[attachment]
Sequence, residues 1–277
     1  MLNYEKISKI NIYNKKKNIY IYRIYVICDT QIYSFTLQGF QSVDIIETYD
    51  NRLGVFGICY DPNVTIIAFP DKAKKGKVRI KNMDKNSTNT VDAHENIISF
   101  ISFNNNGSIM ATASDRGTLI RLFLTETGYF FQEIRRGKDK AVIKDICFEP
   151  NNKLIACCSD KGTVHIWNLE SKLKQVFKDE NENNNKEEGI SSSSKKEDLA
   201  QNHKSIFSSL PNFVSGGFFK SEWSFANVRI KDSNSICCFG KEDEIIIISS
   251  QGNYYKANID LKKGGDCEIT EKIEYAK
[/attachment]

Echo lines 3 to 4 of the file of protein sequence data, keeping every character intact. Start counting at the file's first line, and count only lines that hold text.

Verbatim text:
    51  NRLGVFGICY DPNVTIIAFP DKAKKGKVRI KNMDKNSTNT VDAHENIISF
   101  ISFNNNGSIM ATASDRGTLI RLFLTETGYF FQEIRRGKDK AVIKDICFEP